Slightly Foxed No. 61: The Paris Effect, ed. Gail Pirkis and Hazel Wood – Although I am trying to make my way through an epic library stack right now, I am powerless to resist a new Slightly Foxed when it arrives at just the right moment, and this one did. The best issues of Foxed – for me at least – combine books I’ve read, books I’ve been meaning to read, and books I haven’t heard of before but now have to track down; this issue was a perfect example of that alchemy. I’m now itching to get my hands on Dorothy Wordsworth’s journals and In Pursuit of Spring, and to read the Nancy Mitford novels I already have on my shelves.
The Murder of Roger Ackroyd, by Agatha Christie – As I mentioned here, I’ve spent years wondering whether I had already read The Murder of Roger Ackroyd or not. It’s a surprisingly difficult question to answer, but now at least I know I’ve read it once – last month. One of Christie’s earliest novels and also one of her best known, it features a surprise ending that totally changed the mystery writing landscape at the time it was published. (Well, it wasn’t entirely a surprise for me, because I actually figured out whodunit – although I didn’t know what the motive was until Poirot revealed all.) Anyway, I absolutely loved it – the clues sprinkled liberally around, the little Poirot-isms, the narrator’s busybody sister… it was a delight from the first page to the last.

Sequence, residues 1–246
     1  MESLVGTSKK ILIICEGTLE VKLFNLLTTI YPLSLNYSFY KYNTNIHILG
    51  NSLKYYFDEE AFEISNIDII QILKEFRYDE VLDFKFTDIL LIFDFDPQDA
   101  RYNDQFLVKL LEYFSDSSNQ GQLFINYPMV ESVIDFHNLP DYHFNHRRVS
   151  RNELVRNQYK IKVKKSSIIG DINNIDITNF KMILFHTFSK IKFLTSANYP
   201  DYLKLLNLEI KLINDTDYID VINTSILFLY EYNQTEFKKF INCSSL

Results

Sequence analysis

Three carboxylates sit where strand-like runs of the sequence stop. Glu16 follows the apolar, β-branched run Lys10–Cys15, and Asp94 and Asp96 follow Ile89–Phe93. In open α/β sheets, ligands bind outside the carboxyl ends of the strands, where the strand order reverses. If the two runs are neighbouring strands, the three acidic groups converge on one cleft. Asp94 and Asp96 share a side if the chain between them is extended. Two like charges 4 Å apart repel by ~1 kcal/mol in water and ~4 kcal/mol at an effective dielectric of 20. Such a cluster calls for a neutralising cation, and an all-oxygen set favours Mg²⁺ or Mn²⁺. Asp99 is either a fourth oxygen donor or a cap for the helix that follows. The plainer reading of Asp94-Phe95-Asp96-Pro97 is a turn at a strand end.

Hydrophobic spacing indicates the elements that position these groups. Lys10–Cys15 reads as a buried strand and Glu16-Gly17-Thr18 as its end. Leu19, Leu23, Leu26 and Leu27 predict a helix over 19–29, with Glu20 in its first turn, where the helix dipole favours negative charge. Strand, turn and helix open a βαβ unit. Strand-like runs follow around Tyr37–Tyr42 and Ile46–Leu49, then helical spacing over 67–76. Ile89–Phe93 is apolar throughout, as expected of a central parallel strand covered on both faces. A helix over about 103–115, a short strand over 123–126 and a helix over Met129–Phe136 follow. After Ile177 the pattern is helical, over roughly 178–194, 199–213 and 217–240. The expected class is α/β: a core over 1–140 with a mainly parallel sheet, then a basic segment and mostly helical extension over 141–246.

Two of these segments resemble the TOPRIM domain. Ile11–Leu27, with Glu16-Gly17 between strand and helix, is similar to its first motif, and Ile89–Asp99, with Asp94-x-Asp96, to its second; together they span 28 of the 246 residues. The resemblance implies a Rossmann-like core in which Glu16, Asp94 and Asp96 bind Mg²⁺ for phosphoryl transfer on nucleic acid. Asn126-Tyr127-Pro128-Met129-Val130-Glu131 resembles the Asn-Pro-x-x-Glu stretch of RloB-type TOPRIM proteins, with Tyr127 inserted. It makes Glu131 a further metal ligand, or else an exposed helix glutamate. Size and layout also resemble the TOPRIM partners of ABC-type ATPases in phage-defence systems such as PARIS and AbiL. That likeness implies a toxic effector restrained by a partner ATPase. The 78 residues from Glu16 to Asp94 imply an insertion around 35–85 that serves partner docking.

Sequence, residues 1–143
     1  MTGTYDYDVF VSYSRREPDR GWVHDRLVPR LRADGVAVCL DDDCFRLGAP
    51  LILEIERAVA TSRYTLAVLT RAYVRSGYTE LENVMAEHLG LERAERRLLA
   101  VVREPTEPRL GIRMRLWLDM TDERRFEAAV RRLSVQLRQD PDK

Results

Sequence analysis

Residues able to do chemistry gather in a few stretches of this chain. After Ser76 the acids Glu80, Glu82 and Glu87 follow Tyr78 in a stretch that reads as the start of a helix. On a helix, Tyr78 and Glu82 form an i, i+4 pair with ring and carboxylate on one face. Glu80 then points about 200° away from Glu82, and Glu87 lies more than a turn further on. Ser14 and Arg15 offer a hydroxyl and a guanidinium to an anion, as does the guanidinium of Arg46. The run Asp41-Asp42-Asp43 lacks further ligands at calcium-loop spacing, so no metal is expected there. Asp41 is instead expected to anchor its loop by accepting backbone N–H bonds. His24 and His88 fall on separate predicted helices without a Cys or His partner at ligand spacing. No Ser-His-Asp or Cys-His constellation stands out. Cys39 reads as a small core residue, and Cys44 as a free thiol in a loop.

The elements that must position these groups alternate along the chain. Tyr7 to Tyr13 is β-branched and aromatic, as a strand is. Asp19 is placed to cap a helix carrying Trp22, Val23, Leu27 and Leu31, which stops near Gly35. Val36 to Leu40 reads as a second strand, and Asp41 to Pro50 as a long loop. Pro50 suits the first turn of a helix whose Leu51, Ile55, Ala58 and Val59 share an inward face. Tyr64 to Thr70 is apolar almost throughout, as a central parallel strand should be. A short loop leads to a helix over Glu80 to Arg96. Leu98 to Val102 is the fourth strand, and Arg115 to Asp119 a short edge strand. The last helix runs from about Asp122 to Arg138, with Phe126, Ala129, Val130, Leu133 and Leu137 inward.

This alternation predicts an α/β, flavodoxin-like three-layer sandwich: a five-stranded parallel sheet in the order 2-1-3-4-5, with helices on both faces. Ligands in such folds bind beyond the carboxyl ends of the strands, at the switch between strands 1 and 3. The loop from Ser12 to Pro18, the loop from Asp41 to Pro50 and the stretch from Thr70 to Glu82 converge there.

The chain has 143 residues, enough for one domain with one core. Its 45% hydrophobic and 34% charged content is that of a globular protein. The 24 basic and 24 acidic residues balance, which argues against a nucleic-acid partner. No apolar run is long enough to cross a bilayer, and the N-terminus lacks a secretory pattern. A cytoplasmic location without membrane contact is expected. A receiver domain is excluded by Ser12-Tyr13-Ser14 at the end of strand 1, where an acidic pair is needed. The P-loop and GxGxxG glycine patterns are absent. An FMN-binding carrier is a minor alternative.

Three Men on the Bummel (Three Men #2), by Jerome K. Jerome – I’ll have a full review (for the Classics Club) coming to you next week, but just as a teaser in the meantime – J., Harris, and George are back and scheming up another epic Victorian vacation, this time a bicycling trip through the Black Forest. Times have changed a bit since the friends went up the Thames – George is still a bachelor, but J. and Harris are both married and encumbered with several children, so their plans are complicated by the need to convince their wives to free them for a few weeks. But they find a way and the reader is treated to a number of delightful and hilarious scenes. Three Men on the Bummel doesn’t quite live up to its predecessor, Three Men in a Boat, but it was good fun all the same.